The holiday season can be a challenging time for some people, and COVID-19 is exacerbating feelings of isolation and loneliness as so many more people are spending holidays alone.
“The long, dark, cold days of winter are upon us, and for some people, anxiety and depression can become problems this time of year,” says Janice Schreier, behavioral health specialist, Mayo Clinic Health System in La Crosse Wisconsin. “COVID-19 is adding to the mental fatigue of the season, as many more people spend time in isolation.”
Here are five things you can do to get ready for the long winter ahead.
1. Schedule virtual interactions.
Earlier in the pandemic, many people used technology to virtually connect with loved ones. For some, the frequency of this type of interaction slowed during warmer months of summer. “Now is a good time to schedule regular virtual times throughout winter to reconnect safely. A regular check-in schedule gives you something to look forward and provides the emotional and mental support you need. Everyone needs a varying amount of real social contact, so find a routine that works best for you,” Schreier states. “Social time is incredibly important for people so attempt to do fun things with friends like setting up book clubs, game nights, class reunions, or coffee dates to meet that basic need for social interaction.
2. Evaluate how much and what type of news you consume.
It’s important to be informed about the world around you, but 24/7 access to news reports can be overwhelming. News coverage can significantly affect your mood, especially if you consume news that tends to highlight suffering and emphasize feelings of fear or sadness. “Overexposure to news may exacerbate anxiety or depression for those who already have a history of mental and emotional health issues. Our goal is to find a balance between being informed and becoming overwhelmed,” Schreier recommends less than 30 minutes per day of news exposure, be this through social media, print, or television.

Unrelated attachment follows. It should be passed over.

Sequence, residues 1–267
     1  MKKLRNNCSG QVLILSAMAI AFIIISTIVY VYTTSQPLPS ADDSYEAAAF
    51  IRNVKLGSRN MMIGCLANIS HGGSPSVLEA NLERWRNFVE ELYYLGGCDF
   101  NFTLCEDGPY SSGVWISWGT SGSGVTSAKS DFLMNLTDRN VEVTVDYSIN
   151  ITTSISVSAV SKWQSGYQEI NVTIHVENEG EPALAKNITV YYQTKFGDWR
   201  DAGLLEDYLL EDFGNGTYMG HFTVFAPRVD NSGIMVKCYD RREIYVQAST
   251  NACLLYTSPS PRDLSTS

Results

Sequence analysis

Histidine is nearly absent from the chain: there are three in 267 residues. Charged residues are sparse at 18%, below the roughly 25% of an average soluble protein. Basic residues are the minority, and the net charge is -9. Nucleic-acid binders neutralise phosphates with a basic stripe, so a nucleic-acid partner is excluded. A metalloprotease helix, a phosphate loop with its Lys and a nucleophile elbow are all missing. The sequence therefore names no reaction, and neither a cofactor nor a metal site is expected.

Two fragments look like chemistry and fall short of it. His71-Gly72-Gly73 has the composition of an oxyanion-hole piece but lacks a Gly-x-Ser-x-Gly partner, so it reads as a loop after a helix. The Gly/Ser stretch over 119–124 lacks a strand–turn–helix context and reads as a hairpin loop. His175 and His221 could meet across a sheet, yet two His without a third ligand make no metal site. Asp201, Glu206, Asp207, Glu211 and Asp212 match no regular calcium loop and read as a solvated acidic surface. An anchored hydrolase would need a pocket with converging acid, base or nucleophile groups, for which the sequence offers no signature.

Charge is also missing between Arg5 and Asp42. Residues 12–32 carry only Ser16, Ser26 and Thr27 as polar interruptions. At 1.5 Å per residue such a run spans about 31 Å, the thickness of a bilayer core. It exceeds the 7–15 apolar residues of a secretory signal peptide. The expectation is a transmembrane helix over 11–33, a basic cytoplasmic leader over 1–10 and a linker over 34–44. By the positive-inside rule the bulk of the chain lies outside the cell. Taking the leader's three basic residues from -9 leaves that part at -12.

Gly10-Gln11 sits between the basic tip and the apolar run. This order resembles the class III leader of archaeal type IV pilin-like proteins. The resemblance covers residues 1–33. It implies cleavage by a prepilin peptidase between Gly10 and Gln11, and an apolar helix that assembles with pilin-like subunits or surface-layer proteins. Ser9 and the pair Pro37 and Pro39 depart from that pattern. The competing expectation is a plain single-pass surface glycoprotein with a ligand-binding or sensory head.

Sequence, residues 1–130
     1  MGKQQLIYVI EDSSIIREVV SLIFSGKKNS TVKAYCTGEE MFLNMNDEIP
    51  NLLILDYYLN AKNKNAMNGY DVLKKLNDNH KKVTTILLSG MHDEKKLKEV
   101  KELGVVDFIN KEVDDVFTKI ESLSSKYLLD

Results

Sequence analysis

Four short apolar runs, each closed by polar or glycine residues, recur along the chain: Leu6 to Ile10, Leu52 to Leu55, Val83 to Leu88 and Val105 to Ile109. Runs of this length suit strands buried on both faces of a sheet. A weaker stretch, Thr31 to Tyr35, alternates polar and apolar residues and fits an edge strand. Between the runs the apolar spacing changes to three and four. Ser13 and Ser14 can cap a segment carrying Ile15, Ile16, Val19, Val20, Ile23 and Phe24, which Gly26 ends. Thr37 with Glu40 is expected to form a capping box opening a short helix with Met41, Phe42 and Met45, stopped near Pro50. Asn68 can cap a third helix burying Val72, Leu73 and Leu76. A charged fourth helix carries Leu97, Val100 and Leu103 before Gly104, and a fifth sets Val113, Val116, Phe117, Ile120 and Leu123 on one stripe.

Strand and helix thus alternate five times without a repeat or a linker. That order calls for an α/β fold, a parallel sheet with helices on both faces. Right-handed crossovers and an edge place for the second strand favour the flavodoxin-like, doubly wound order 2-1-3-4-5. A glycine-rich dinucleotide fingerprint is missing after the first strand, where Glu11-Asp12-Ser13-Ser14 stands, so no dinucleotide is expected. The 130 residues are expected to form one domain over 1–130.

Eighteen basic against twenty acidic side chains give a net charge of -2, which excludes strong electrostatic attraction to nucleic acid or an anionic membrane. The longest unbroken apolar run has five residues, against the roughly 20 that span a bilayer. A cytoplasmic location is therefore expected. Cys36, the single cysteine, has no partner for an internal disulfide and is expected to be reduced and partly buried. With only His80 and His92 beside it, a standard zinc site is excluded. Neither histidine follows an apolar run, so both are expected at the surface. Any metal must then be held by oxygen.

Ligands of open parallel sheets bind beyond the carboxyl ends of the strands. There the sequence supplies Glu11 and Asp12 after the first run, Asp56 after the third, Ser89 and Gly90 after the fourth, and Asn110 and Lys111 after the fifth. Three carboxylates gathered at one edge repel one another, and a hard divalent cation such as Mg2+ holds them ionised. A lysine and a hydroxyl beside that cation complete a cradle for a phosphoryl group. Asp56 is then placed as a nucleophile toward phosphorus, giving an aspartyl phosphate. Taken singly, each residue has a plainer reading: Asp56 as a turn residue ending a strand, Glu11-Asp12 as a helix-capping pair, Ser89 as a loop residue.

3. Find a way to get Physical Activity Daily
Exercise is an all-natural way to fight low mood and covid-19. Twenty to thirty minutes of physical activity is comparative to taking an antidepressant, thus it is a natural way to boost mood through the release of, “feel good” hormones. Daily physical activity also helps us to build our immunity, which is important as we fight covid-19. “Winter is a great time to try some new outdoors activities and to get Vitamin D, which is also important for mood and health,” Schreier explains “We are lucky to live in an area where there are plenty of opportunities for outdoor activities including snow shoeing, skiing, cross-country skiing, and sledding. Long walks, running, and biking are also activities that can be done outside, as long as safety precautions are taken. For those who prefer to workout inside, there a number of great programs being streamed that can lead people through a variety of workouts.”
4. Plan ways to give back.
Look for ways to help your community, such as blood donations, delivering meals and checking on, or donating supplies or money to local organizations. Helping a cause larger than yourself can give you a sense of purpose and fulfillment and focus your thoughts on the present and things to be grateful for today.
5. Seek professional mental health.
“Feelings of stress and anxiety are common and normal,” adds Schreier. “It’s your body’s way to warn you of harm. If your stress and anxiety seem to be taking over your life, it’s time to seek professional help.” Schreier says by starting the conversation with your health care provider or establishing care with a licensed therapist you can find support and solutions as we go through winter with COVID-19 in our communities.